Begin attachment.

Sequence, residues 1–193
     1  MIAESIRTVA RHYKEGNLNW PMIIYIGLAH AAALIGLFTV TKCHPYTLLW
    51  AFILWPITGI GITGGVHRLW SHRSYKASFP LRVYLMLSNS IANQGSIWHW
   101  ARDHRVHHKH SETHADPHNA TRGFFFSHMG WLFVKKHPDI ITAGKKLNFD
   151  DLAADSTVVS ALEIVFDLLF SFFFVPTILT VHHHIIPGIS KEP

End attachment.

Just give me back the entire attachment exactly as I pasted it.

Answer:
Sequence, residues 1–193
     1  MIAESIRTVA RHYKEGNLNW PMIIYIGLAH AAALIGLFTV TKCHPYTLLW
    51  AFILWPITGI GITGGVHRLW SHRSYKASFP LRVYLMLSNS IANQGSIWHW
   101  ARDHRVHHKH SETHADPHNA TRGFFFSHMG WLFVKKHPDI ITAGKKLNFD
   151  DLAADSTVVS ALEIVFDLLF SFFFVPTILT VHHHIIPGIS KEP